Howard Pollack’s Aaron Copland: The Life and Work of an Uncommon Man 

4169puzFiuL._SX316_BO1,204,203,200_Aaron Copland is the central figure in serious American music, and Howard Pollack has produced a biography worthy of the man. His treatment of Copland in more than 500 pages is reverential but never blindly worshipful, candid without being lurid, scholarly but rarely tedious.

Copland dedicated his professional life to creating a recognizable American style of orchestral music. His music was often misunderstood by his peers and ignored by the public, but toward the end of his creative career he was recognized by musicians and audiences around the world as the voice of American music.

Pollack claims, toward the end of his work, that “…from the start of his career, Copland set out to compose music that was ‘recognizably American’ and that reflected ‘the American scene…in musical terms.'” Pollack demonstrates his thesis amply in this thorough biography.

A music historian and professor, Pollack has written not a popular biography, but an in-depth exploration of Copland’s music primarily, and his life secondarily. Much of the book consists of detailed analyses of the composer’s key works, from his early student piano pieces, to the beloved ballets, to the less accessible works done in the twelve-tone style. The author digs into Copland’s work in the spirit of divining and divulging the composer’s ideas, and succeeds admirably. But be warned, there is a lot here that only those with some musical training will understand.

The story is fascinating, for all that. Pollack takes us, more or less chronologically, through all the major periods of the composer’s life. Many of the chapters, however, also look at major themes running through Copland’s life and works, necessarily breaking the strict flow of time.

Copland was born with the century, to Jewish immigrant parents in Brooklyn in 1900. In many ways, his life’s story parallels that of the century. He was part of the American expatriate arts scene in Paris in the 1920s, returned home to labor in obscurity in the ’30s as he began to give birth to his vision, came to public notice in the ’40s through his work on film scores and ballets, survived with grace the Red Scare of the ’50s, and created a number of modernist works in the ’60s. His one regret, expressed near the end of his life, was that he never wrote a “grand” opera.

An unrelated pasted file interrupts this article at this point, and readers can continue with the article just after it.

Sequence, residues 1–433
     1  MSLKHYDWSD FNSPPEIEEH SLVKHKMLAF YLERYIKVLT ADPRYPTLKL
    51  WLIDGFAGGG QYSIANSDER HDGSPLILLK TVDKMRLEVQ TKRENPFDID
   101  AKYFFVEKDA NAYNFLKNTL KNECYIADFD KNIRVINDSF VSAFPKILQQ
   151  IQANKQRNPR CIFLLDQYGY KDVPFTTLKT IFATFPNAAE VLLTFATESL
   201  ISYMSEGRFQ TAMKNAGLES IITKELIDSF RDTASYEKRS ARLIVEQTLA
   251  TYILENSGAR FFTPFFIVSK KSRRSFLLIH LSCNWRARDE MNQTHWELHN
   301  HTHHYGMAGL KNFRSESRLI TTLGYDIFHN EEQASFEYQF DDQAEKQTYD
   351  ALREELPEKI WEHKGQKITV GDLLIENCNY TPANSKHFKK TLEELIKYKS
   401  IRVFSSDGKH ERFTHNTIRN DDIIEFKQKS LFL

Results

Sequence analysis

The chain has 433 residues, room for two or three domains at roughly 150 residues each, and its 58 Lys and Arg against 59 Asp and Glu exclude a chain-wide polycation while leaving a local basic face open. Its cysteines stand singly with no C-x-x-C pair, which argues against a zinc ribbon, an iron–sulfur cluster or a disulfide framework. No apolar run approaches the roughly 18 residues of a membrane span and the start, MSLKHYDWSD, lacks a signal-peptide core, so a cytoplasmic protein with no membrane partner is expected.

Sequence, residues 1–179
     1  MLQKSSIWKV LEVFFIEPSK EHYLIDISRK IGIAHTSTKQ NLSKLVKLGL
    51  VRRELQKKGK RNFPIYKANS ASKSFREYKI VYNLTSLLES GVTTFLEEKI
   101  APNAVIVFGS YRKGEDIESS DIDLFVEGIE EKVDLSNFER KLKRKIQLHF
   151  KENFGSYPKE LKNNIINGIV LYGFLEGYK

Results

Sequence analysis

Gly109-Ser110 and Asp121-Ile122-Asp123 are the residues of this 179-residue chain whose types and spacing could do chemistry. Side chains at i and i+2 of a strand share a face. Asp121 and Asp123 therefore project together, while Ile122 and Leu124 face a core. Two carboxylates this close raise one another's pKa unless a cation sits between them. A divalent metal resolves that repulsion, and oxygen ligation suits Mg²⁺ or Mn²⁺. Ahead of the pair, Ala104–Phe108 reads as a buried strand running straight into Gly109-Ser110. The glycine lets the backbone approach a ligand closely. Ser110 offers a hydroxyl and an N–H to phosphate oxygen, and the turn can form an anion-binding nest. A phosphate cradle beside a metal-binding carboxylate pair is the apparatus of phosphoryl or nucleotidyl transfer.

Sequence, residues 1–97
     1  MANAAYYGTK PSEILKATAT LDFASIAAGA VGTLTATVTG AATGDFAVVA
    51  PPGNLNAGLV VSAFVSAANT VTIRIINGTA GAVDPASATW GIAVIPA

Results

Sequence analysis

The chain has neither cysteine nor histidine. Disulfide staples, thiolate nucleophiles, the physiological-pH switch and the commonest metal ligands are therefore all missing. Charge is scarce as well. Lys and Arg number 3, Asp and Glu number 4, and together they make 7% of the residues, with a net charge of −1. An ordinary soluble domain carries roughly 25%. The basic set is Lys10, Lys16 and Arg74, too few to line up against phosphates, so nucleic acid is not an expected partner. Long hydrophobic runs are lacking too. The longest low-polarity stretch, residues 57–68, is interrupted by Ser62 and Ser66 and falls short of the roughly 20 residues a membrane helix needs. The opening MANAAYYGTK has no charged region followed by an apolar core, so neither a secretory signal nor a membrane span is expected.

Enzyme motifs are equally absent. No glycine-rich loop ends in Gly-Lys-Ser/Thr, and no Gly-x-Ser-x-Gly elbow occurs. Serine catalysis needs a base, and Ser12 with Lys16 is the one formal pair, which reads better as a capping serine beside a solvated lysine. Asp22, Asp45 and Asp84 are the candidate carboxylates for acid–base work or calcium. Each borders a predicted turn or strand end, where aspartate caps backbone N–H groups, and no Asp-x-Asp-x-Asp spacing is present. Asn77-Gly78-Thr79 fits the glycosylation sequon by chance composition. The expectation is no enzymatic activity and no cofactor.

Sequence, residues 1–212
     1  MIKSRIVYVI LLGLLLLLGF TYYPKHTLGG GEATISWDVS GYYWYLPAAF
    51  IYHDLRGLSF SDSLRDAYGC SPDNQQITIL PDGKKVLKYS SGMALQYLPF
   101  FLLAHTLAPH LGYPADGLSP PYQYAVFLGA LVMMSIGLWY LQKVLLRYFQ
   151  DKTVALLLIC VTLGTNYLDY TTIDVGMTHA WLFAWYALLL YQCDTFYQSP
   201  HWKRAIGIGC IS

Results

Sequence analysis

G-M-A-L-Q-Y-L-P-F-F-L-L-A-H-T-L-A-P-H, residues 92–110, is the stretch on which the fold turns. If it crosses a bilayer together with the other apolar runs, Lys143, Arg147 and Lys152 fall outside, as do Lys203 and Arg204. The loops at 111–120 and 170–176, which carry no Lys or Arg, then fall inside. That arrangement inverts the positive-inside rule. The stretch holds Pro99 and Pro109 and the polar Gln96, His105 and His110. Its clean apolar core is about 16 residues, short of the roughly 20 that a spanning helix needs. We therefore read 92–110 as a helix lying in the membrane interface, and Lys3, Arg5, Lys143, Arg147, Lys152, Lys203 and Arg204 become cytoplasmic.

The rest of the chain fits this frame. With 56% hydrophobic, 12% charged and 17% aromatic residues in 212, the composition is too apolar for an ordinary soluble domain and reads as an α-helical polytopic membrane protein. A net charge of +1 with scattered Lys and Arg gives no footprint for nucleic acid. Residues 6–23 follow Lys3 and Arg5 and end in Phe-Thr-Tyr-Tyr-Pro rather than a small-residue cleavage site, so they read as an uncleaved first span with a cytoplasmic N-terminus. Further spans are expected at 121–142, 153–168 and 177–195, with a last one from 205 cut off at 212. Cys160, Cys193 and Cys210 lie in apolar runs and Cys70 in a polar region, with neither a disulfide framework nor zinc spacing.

Pollack candidly but tastefully discusses Copland’s homosexuality as part of his investigation into the artist’s life. Although he concentrates more on the music than the man, we get a good picture of Copland’s personality. He emerges as a man of deep humility, but at the same time one who never wavered in his belief in his own art. He was subjected to intense criticism in all the phases of his career, and he gracefully accepted it, but never let it sway him from his course. This calm but intense self-confidence is evident in the excellent portrait that graces the book’s cover.

Aaron Copland was much more than the creator of Rodeo, Fanfare for the Common Man and Appalachian Spring, although those are his best-known works today, just a decade after his death. Pollack covers all the bases and points the interested listener toward the 100 or so other works Copland composed. The book features a discography and, at least as valuable, suggested readings on the vast topic of American music.

If you’ve ever considered delving further into Copland’s ouevre, this book is an excellent place to start, and a good companion for your journey.

(University of Illinois Press, 2000)

Gary Whitehouse

Gary has been reviewing music, books and more at the Green Man Review since sometime in the previous Millennium. He lives in a mostly hipster-free part of Oregon, where he enjoys dogs, books, music, the outdoors, and craft beer, cider, and coffee.

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